Zerukin on Jan 19th 2019 at 5:34:54 PM
Last Edited By:
Zerukin on Feb 15th 2019 at 11:18:32 AM
Page Type: trope
They don't mean any harm. They just really like the person they are biting. This love isn't because they think they taste good either. They just really like the person they are biting and are looking at the bite as being friendly.
Very much Truth in Television with the existence of hickies, and there are plenty of animals who will bite to show that they love you. Fair warning though: Some animals don't know how to bite softly.
- Justified in Horimiya. Hori bites Miyamura on the back of the neck during Their First Time, partially out of affection and partially to encourage him to grow his hair back out (since it'd be the only way for him to cover the mark).
- The bunny-girl Carrot from One Piece is an energetic Genki Girl who greets people with abandon, and almost always with a bite. Though mildly painful, the bites are never deep or injurous, and never draw blood or leave a scar. Unless someone takes her carrots; then she'll bite that fool's head clean off.
- Pokémon: James' Carnivine, following the trend set by his previous Grass-type Pokemon, would hurt him to show it's affection. In this case, it would always bite down... on his head.
- Books of the Raksura: The titular species of slightly draconic Humanshifters give each other gentle bites as their version of kissing.
- In E. T. A. Hoffmann's Master Flea, the titular character offers to bite Peregrinus in the finger as a sign of friendship, since obviously they cannot shake hands.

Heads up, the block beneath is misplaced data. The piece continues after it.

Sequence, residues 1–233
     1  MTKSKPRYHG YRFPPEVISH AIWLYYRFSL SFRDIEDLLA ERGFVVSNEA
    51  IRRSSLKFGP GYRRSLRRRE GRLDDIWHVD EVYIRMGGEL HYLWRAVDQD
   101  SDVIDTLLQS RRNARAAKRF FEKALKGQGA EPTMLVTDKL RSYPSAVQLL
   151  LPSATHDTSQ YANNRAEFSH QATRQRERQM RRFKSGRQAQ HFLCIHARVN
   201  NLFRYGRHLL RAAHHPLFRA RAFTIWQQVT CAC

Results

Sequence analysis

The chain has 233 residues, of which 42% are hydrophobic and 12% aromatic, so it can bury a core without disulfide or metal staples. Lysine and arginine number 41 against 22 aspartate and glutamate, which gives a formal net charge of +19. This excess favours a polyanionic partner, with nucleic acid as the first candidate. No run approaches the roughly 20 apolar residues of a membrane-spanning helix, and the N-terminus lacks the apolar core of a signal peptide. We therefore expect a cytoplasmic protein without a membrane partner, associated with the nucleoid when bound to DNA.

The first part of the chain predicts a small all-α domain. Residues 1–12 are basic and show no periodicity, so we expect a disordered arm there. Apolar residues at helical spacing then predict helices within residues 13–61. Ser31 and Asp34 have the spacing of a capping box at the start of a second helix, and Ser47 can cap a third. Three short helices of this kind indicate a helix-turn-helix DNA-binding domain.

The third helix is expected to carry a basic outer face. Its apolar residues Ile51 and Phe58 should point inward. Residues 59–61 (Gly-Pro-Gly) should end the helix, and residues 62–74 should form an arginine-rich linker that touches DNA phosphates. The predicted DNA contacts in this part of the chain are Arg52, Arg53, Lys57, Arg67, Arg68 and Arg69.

- A Series of Unfortunate Events: Sunny Baudelaire is notable for biting anything she gets her hands on, and people are no different. How she bites them is how she shows her feelings. If she bites hard, she hates them. If she bites soft, she likes them.
- In the Doctor Who episode The Doctor's Wife, the TARDIS's soul is forcibly ripped out and placed in a human body. When the TARDIS next bumps into the Doctor, she kisses him and then gets the idea to bite him, gleefully declaring "It's like kissing, only there's a winner!"
- Star Trek: The Next Generation establishes that this is a common element of Klingon foreplay. In general, Klingon romances are somewhat violent compared to those of humans.
- The Wild Thornberrys has an episode in which the titular character becomes part of the efforts made to get two tortoises to mate because they're the last living tortoises of their kind. Eliza, who can talk to animals, introduces the two of them and gives them time alone. When she returns, she finds the male of the two biting the neck of the female. Mortified, she pushes him away from her and chides him for his actions. Not long after, she learns that biting is part of their mating rituals and essentially means they've accepted one another. She spends the rest of the episode trying to rectify her mistake.
- Plenty of dogs and cats that are kept for pets are known to gently nibble their owners to show their affection for them.
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